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Yellen says to judge Biden stimulus on speed of return to pre-pandemic unemployment

WASHINGTON: U.S. Treasury Secretary Janet Yellen said on Monday she will judge the success of President Joe Biden's coronavirus stimulus plan by how quickly it returns the economy to pre-pandemic levels of unemployment.

Speaking to a New York Times Dealbook online event, Yellen also played down the increased debt levels that would be incurred from Biden's US$1.9 trillion American Recovery Plan being debated in Congress. She said that due to low interest rates, U.S. interest expenses as a share of GDP are at 2007 levels.

The current U.S. unemployment rate is 6.3per cent, compared with 3.5per cent before the pandemic - a level widely viewed as effectively full employment. But Yellen said that because 4 million people have dropped out of the labor force because of child care responsibilities during the COVID-19 pandemic, the effective unemployment rate is close to 10per cent.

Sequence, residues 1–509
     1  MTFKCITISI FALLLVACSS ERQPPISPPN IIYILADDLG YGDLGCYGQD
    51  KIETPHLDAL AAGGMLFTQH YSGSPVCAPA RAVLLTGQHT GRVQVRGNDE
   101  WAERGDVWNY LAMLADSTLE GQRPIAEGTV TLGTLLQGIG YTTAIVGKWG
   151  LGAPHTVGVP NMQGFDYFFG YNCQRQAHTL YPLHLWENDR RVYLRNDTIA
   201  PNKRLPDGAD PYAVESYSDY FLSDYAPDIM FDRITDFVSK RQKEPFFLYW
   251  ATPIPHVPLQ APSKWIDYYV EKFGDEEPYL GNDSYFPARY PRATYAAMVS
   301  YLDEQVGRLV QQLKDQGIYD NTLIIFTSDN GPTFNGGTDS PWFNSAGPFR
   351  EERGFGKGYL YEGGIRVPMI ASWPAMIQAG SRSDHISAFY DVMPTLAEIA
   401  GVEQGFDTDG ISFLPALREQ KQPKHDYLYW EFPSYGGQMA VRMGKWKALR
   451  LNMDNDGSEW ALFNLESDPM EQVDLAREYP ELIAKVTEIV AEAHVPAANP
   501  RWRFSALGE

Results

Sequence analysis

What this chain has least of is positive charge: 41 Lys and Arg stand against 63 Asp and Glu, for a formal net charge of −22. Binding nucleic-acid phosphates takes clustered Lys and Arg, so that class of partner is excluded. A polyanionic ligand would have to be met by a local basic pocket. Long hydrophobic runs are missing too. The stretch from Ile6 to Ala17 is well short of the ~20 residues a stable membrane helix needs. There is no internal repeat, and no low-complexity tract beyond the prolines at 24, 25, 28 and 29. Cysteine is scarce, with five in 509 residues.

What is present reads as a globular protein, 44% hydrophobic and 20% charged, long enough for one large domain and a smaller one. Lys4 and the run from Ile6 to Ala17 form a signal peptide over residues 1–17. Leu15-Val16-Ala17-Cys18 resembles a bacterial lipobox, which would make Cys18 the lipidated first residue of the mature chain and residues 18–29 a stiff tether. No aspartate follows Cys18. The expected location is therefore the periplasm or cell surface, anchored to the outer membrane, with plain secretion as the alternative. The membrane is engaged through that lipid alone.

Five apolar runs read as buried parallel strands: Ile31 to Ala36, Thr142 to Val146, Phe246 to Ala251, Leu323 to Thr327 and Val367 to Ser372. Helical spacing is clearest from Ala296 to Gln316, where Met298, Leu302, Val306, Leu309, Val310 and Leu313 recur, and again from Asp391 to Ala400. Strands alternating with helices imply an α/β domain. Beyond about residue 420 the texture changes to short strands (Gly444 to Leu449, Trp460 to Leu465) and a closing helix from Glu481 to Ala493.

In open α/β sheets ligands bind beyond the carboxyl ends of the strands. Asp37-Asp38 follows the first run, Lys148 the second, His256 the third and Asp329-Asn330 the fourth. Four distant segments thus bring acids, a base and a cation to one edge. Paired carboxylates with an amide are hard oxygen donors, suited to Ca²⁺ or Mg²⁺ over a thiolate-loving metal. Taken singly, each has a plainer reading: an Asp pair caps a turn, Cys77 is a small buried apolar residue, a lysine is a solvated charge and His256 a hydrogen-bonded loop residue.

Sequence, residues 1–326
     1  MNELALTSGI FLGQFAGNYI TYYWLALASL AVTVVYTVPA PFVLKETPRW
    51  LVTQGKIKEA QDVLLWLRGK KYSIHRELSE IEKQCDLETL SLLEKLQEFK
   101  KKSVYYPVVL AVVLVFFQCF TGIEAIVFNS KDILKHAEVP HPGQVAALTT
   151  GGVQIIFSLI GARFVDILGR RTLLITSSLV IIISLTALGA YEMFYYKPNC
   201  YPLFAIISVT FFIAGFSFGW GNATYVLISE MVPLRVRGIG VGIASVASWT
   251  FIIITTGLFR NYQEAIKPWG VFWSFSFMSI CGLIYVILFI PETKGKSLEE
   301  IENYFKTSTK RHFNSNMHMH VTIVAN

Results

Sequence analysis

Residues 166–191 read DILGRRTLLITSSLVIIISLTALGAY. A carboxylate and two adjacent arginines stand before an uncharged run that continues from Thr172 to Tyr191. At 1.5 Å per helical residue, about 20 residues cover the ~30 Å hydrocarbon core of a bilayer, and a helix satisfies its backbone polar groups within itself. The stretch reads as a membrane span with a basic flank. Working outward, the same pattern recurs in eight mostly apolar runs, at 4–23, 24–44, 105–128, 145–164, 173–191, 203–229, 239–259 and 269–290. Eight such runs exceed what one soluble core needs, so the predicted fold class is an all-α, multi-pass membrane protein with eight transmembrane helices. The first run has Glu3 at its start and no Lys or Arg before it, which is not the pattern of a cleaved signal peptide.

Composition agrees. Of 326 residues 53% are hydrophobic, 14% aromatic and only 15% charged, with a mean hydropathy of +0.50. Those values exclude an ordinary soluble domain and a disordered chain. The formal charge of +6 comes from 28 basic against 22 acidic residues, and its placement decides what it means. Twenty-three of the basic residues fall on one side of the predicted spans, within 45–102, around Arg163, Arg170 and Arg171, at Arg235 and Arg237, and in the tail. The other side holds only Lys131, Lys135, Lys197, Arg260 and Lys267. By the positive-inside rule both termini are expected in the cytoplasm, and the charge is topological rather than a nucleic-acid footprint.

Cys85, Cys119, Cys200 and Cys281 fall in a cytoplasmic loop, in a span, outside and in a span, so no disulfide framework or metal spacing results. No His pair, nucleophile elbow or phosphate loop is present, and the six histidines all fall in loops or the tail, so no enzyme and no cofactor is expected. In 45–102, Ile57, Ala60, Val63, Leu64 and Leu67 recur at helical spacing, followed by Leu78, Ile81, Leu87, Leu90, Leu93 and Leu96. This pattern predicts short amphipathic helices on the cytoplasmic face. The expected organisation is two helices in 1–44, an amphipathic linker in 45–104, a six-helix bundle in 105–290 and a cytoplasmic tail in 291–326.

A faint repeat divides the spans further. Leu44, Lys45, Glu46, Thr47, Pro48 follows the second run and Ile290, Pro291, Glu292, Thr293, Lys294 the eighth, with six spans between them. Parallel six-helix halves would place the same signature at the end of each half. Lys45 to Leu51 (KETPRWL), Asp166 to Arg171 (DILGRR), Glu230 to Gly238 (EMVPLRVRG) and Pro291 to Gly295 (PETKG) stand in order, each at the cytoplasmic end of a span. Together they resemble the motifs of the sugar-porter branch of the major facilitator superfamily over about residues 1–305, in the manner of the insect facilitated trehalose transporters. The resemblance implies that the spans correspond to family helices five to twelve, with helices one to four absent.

"Success to me would be if we could get back to pre-pandemic levels of unemployment and see the re-employment of those who have lost jobs in the service sector, particularly - I would also consider them a measure of success."

Yellen said that if the federal government fails to spend the money necessary to get the economy quickly back on track, that will take a toll on U.S. fiscal soundness, citing the long, slow recovery from the 2008-2009 financial crisis.

"So by having a stronger economy, the money that's spent partially pays for itself," Yellen said.

She said traditional metrics in assessing debt, such as the 100per cent U.S. debt-to-GDP ratio, are less relevant in a very low interest rate environment.

A "more important metric" was interest payments on federal debt as a share of GDP, which at around 2per cent is no higher than in 2007, when interest rates were substantially higher.

The Treasury is seeking to take advantage of those rates by issuing longer-term securities, Yellen said. Asked whether the Treasury would consider a 100-year bond, she said the market for that maturity would likely be "very tiny" with "limited interest."

(Reporting by David Lawder; Editing by Chizu Nomiyama and Mark Heinrich)

Source: Reuters


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